Only a brief update this month folks, as I have been wrapped up with our youngest daughter Jenny and her fiancé Kieran’s pre-wedding arrangements and then the big day itself, where we all had the best of times over the August Bank Holiday. I trust you will all appreciate consequentially the build upon our jet hydroplane Longbow took something of a back seat and writing this blog with something of a hangover, I am probably best to keep this one short and sweet. 

Nevertheless I did manage to make some progress this month upon the formation of the rear of the sponsons, the latter being the two floats upon each side of the boat, towards the front of the craft, upon which the craft is supported and in contact with the water whilst running at speed.  

The most straightforward means by which to finish the rear of these sponsons is to continue the timber support battens past the end of the sponsons for a short distance and then to extend the curved top decking of the sponsons to match. An example of this can be seen upon the fastest boat in the world, Ken Warby’s Spirit of Australia as shown below: 

An alternative and somewhat more complex manner in which to terminate the rear end of the sponson is to infill the void beneath the top decking and run this back down towards the lower area of the sponsons as a closed void. This was the manner in which the jet hydroplane that held the Outright world Water Speed Record prior to Spirit Of Australia, a craft called Hustler was built and again as shown in the following photograph.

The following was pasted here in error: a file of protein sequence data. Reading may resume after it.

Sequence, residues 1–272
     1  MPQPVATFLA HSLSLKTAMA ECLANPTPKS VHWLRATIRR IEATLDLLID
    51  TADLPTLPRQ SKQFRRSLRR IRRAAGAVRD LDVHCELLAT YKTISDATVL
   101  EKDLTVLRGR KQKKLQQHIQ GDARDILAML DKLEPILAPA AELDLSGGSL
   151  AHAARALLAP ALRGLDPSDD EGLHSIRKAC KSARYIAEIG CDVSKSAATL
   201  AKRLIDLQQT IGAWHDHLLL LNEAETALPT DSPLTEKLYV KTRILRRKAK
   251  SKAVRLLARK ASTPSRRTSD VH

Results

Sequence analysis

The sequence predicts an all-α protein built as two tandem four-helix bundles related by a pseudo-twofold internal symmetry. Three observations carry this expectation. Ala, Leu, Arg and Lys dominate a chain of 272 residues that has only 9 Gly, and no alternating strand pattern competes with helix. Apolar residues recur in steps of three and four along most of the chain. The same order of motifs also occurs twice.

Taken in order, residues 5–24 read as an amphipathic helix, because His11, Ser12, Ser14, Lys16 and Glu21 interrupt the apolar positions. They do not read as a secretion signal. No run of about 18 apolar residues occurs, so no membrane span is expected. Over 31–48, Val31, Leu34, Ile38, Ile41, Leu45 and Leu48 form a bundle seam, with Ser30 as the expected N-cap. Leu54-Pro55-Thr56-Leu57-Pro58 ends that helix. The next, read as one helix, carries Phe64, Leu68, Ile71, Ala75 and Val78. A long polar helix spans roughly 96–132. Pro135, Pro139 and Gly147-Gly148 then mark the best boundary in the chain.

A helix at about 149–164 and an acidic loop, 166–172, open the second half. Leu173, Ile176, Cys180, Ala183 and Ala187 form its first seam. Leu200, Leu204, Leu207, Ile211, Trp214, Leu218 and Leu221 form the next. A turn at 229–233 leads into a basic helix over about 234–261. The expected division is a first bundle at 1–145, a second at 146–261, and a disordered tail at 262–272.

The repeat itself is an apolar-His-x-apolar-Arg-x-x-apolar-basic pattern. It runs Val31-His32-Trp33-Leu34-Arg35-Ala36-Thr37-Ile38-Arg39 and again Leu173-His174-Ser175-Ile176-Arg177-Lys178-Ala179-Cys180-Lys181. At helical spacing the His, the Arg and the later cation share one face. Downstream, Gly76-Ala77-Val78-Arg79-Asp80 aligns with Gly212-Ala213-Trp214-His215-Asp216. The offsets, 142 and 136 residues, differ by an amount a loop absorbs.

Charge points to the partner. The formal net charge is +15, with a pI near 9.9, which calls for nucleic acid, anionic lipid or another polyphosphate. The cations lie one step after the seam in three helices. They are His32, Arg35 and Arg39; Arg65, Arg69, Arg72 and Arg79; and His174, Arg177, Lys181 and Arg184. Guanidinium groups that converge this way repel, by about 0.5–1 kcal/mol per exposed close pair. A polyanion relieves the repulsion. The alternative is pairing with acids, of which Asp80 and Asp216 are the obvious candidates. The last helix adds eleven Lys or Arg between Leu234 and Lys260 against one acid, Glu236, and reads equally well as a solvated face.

Either means of finishing the end of the sponsons upon Longbow would be fine but the advantage in our case for undertaking them in the manner similar to Hustler is that it just provides a degree of additional static bouyancy to the craft with no other penalty than the time and effort needed to form this detail. For those of you who have followed the building of Longbow to date you will be aware that we like a challenge. For me it is where the fun in the build comes from and so I have set about constructing the rear of the sponsons in a manner similar to Hustler which I have always admired the look of as may be seen in the following photographs, which is currently a work in progress. 

It’s a little fiddly to form as there are angles to cut in two directions but I am optimistic that we will get the necessary shape formed with a little time and care. I am currently working on just one side of the boat then prior to fixing it all together I will mirror copy each section for the other side. 

So that’s it for this month folks – short and sweet as my focus was on the wedding and as soon as the happy couple consent for photos to go on social media I will post a couple up. 

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